Safe Driving Misconceptions

There are so many misconceptions about safe driving and how the features in your car can help you drive safer. While this is true, it’s important not to rely on these safe driving features and make sure you are always abiding by the speed limit, looking where you’re going, and avoiding distractions. If you’re looking for new ways to improve your safe driving, protect those are you by avoiding these issues.

Driving  the Speed Limit is Safe

While most people might think that driving the speed limit at all times is safe, but sometimes it’s safer to be driving slower. The speed limits that are enforced in areas are placed under ideal conditions but when conditions become less than ideal, think rain, snow and sleet, driving the speed limit can actually be extremely dangerous. When it’s snowing, when the roads are slippery, and if there’s a storm, drive slow and take your time getting to your destination.

Driving Slower is Safer

Driving slower is safer when the road conditions are less than ideal but when the conditions are ideal, say a sunny day, driving slow (especially on the highway) can be dangerous. Cars will be entering and exiting at the correct speed limit and coming up on a car that is driving very slow can cause them to break harder than they were expecting, which can lead to car accidents.

Using a Hands-Free Device While Driving is Safe

While using a hands-free device while driving is safer than holding your device in your hand, the conversation you are having can be as distracting as it would be to be texting and driving. If you can, pull over to talk on the phone or wait until you get to your destination to catch your parents up on your day at work so you can focus on the road and those around you.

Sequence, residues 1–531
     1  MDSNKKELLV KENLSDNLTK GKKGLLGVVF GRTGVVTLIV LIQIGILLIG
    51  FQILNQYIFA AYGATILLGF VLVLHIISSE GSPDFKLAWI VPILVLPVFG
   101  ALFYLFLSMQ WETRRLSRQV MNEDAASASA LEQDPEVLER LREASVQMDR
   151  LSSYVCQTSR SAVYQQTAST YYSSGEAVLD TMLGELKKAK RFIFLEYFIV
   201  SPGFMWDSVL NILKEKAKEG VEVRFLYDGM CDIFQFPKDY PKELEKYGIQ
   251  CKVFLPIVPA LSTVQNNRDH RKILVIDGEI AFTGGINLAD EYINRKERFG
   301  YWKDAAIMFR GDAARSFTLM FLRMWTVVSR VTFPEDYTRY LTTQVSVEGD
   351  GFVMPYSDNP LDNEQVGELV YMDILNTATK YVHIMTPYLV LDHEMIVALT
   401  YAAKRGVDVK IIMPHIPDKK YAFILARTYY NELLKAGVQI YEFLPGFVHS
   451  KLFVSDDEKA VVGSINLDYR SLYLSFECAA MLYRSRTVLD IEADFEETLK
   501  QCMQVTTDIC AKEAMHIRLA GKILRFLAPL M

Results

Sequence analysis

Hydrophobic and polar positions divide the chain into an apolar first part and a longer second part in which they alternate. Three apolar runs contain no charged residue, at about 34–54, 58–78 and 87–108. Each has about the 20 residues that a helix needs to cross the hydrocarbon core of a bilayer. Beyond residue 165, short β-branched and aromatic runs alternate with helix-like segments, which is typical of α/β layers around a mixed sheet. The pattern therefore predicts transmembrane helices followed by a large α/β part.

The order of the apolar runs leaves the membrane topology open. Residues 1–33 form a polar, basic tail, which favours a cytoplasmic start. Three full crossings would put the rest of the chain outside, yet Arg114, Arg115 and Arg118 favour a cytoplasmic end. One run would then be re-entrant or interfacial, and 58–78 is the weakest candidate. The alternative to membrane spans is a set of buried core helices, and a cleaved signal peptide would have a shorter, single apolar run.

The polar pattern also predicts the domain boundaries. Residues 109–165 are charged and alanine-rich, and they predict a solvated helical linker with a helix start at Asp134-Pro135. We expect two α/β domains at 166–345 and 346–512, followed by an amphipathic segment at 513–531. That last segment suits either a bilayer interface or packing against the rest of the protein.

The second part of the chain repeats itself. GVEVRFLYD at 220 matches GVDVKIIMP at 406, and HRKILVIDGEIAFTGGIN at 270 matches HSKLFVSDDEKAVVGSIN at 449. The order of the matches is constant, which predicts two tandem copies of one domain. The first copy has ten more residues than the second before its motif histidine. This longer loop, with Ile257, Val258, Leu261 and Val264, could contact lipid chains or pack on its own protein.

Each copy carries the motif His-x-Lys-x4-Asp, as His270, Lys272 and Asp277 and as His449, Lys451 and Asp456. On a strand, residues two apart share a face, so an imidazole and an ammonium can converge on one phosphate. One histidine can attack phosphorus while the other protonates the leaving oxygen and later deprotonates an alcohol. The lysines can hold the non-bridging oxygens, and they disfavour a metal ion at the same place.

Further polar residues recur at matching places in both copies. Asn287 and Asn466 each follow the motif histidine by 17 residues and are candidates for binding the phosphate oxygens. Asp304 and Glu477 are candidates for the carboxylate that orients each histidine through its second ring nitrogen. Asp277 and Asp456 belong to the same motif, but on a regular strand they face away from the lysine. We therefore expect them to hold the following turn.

Tailgating a Car in Front of You Will Make them Drive Faster

In reality, tailgating the car in front of you will most likely cause them to drive slower. Being close to the car in front of you can also cause more damage if they were to stop short. Keep as much space between you and the car in front of you to avoid any issues.

The Left Lane is for Driving Fast

The left lane shouldn’t be driven in unless you are passing someone. You still need to abide by the speed limit in this lane.

Next time you get in your car, make sure to avoid these misconceptions and keep yourself and those around you safe.

advanced drivers assistance systems

The Importance of Advanced Drivers Assistance Systems (ADAS)

An increasing number of newer model vehicles are starting to include Advanced Drivers Assistance Systems (ADAS) that are intended to increase car safety thanks to a human-machine interface, keeping you and those around you safe. Although drivers are still responsible for safe driving, ADAS are helping avoid road accidents that occur due to human error. The technologies offer features and alert the driver to potential hazards, problems, and help avoid collisions.

How Do Advanced Drivers Assistance Systems Affect the Windshield?

Many Advanced Drivers Assistance Systems require several cameras and sensors in order to alert the driver of potential hazards. Many of which are installed on the upper, inner surface of the windshield or attached on the headliner, which means that they will need to be recalibrated following a windshield replacement. If these systems are calibrated properly, they will not work properly and give inaccurate information to the driver.

What is ADAS Recalibration?

Once a windshield is repaired or replaced, the ADAS cameras and sensors will be reinstalled and recalibrated.

Static Recalibration – Static recalibration requires a target to be mounted in front of the vehicle to assist with the recalibration process and takes roughly 45-minutes.

Dynamic Recalibration – The vehicle is driven for roughly 30-minutes to one hour at a specific speed to reclibrate the systems.

Depending on the make and model of your vehicle, both types of recalibration might be necessary.